VACATED. That word best describes my assessment of the Rice County Fairgrounds in Faribault during a recent walk there.
In the absence of people, the absence of animals, the absence of a carnival, the absence of exhibits, the place feels empty. No pulsating lights on the Midway. No smell of grilling burgers. No taste of sugary mini donuts. No shouts of kids. No feel of a prize stuffed animal clutched in arms.
If everything works out COVID-wise, this fairgrounds will teem with people come late July. Animals will fill barns. Ribbons will mark prize-winning 4-H entries. Greasy cheese curds will satisfy those who crave fair food. The sounds of music and clustered conversations and happy kids will create a steady buzz of noise. Little hands will grasp adult hands and teenage hands will lock in fair love. People will reconnect. Celebrate. Experience that which was lost last summer, during the height of the pandemic.
This is the fair I imagine as I walk past shuttered buildings, as I pause to photograph buildings and signs and expanses of open space.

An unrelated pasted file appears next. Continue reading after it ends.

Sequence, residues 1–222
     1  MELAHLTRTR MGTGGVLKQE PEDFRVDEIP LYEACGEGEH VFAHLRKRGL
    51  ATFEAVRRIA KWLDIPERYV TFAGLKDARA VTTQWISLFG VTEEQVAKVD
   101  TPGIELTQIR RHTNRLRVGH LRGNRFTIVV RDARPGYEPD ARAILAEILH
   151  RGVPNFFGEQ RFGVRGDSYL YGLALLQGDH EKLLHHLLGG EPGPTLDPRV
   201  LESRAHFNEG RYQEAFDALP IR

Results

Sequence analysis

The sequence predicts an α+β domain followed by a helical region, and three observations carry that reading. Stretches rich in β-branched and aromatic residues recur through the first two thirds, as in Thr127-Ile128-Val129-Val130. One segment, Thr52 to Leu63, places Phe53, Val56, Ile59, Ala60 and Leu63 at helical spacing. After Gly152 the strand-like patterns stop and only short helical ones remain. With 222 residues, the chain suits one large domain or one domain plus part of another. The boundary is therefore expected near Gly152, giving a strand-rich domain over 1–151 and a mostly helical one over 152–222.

And then I pause outside the 4-H building, Curtis Hall, to photograph the row of barn swallow nests mudded under the eaves. So many. Thirty-two. Too many. If there’s one bird I dislike, it’s the barn swallow. We have a history. As a child, I endured barn swallows swooping over me as I did farm chores. The swallows built their nests on beams above the barn aisle, my direct work route. I felt threatened by them as I shoveled manure into gutters, pushed a wheelbarrow full of ground feed down the aisle. My feelings for the swallow have not changed. Even though they eat mosquitoes, I still don’t like this bird.
That’s my sidebar from the fairgrounds, perhaps one you can relate to if you did farm chores like me.
Fairs are rooted in agriculture. Prize animals. Prize vegetables. A once-a-year opportunity to showcase the best of barns and of gardens. But today’s fair is much more. Entertainment. Creativity. And, above all, a place for communities to come together once a year in one place. To celebrate. To connect.
FYI: The Rice County Fair is tentatively set for July 21-25 in Faribault. Whether it happens depends on all of us. See my previous post.
© Copyright 2021 Audrey Kletscher Helbling